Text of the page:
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How to procure and manage successful cleaning contracts

In addition, it’s all about managing people. Think about it: who else in your organisation has responsibility for managing the same number of staff as the cleaning manager? Whether you have 10, 25 or 100 cleaning staff on your sites, when you consider the responsibility of recruiting them, training them, equipping them and co-ordinating them on a day-to-day basis, you soon realise the value of finding a contractor that can deliver all of this whilst meeting your expectations
and cost pressures. So how do you manage a successful cleaning contract?


In these times of austerity, many cleaning contracts have been cut back to the point where contractors no longer have the resources to deliver what’s required, so it’s time to work smarter when procuring and managing cleaning contracts.

Being an intelligent client is understanding what you want, what is needed to deliver it and having transparent structures in place to manage it. Consider whether the cleanliness of your facilities reflect your brand and core values to your people, customers and visitors? Is your organisation beginning to lose working days due to an increase in staff sickness? Are you in need of a gold, silver or bronze service?

Understanding your expectations, but also the value of cleaning is essential to success – after all, you get what you pay for. Being an intelligent client is also about finding the right contractor in the first place, by understanding who delivers what they say they will and who simply tells you what they think you want to hear!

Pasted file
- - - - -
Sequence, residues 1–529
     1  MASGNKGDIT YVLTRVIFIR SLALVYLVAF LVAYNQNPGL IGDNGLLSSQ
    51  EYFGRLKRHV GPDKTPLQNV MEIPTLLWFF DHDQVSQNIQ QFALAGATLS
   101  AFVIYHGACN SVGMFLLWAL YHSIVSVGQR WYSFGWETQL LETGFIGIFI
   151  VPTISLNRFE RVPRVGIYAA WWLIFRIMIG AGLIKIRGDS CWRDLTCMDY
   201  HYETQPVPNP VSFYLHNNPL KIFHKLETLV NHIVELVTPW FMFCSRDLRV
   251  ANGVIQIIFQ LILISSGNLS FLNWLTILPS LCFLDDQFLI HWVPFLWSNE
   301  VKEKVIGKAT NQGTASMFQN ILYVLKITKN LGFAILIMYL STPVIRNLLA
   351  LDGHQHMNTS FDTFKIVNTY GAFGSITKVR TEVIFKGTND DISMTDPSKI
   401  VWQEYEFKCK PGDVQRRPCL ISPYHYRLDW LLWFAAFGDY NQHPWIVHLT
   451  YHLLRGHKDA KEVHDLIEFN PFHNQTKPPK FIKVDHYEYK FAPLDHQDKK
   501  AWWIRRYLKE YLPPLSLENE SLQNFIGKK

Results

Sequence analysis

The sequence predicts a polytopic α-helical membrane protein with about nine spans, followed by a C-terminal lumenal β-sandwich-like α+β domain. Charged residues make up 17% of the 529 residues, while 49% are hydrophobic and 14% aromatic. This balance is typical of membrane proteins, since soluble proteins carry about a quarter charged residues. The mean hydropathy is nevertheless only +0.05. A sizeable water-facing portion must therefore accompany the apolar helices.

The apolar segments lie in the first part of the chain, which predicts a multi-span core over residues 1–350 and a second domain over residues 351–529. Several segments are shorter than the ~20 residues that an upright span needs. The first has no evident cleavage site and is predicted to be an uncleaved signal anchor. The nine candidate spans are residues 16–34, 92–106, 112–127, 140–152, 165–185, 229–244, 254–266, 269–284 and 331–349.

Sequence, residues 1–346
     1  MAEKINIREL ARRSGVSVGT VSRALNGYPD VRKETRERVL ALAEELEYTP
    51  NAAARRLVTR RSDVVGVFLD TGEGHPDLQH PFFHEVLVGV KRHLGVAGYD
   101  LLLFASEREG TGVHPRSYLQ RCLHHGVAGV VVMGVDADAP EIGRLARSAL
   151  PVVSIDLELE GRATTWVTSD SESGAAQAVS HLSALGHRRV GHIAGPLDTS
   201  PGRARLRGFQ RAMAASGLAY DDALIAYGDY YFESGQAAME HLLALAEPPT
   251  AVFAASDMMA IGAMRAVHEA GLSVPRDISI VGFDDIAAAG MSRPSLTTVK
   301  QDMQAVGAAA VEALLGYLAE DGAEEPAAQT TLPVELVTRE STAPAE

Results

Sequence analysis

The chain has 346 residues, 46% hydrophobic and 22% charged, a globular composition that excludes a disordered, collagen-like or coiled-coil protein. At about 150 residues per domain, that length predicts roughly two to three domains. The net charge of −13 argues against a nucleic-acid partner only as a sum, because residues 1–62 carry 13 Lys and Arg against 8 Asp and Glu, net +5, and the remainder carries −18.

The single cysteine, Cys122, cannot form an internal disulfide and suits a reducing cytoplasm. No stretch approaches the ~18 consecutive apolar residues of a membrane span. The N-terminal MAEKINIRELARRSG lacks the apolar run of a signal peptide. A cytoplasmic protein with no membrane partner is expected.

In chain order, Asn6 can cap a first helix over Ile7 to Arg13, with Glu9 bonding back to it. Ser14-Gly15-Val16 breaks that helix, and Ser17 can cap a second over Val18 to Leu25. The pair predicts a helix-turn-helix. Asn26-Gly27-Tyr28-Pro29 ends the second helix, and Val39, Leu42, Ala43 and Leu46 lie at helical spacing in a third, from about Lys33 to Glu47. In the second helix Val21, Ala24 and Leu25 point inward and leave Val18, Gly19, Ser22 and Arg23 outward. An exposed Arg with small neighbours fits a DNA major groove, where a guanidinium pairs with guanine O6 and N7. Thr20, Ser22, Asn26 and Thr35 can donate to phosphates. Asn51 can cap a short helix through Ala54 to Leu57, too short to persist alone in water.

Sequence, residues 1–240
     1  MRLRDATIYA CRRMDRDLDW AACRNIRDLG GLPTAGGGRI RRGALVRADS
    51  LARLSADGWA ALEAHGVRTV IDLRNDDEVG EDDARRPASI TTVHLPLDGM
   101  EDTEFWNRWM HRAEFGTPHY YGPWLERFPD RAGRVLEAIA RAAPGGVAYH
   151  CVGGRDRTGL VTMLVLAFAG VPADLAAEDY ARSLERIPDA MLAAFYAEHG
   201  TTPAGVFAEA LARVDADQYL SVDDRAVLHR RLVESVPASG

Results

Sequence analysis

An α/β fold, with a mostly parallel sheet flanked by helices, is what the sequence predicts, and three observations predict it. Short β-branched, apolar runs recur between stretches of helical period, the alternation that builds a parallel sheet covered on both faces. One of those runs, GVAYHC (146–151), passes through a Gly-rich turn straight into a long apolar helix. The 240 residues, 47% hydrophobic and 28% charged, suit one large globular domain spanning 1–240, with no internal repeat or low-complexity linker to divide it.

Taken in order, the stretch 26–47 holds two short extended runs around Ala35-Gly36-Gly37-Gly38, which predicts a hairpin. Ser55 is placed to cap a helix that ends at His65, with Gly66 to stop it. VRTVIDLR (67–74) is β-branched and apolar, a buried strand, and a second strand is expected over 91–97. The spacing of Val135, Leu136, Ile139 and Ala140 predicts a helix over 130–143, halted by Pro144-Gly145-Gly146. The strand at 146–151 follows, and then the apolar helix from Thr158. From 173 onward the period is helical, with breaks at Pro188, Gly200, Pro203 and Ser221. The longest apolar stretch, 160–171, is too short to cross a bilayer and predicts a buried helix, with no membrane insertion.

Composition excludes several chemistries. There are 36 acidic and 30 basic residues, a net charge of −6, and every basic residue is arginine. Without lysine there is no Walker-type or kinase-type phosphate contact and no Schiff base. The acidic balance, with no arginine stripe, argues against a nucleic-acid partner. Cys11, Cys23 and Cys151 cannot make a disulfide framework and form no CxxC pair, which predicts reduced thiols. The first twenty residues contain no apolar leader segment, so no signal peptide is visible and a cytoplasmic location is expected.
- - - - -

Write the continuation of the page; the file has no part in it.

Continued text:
Another point worthy of mention is that if you are looking to retender to save costs, don’t unless you have to. There are greater opportunities trying to work with your incumbent first. Before any changes are made, seek building-users views on whether they feel the current standards of cleanliness are acceptable or not. Then consider if you are happy with what you have or whether things really must improve.


Cleaning specifications should be clear and concise. Use a hierarchical structure to list building areas and the specification level required. Categorise each individual area into clearly defined bands reflecting the standards you expect in each (e.g. ‘Band A’ or ‘Gold’).

List the specification for each one including all the individual elements to be included, such as, the acceptable and unacceptable standard and the frequency levels required. For example, these are generally all the time in high profile reception areas or hygiene areas such as washrooms. Once a day for typical office environments or less than once a day for low risk and back of house areas. But note, practically every working environment is required to be cleaned a minimum of once per week under the Offices, Shops and Railway Premises Act (1963).

Whatever your specification, keep it simple so that key performance indicators are easily defined and service level agreements are easy to measure. Much confusion still remains over input and output based contracts, but without doubt, it is a hybrid approach that we see works best.


Different organisations have wildly different processes for procuring cleaning and other FM contracts. This is particularly the case between the public and private sector. However, regardless of the sector, the process is almost always time consuming and expensive, particularly given the growing number of contractors in the market.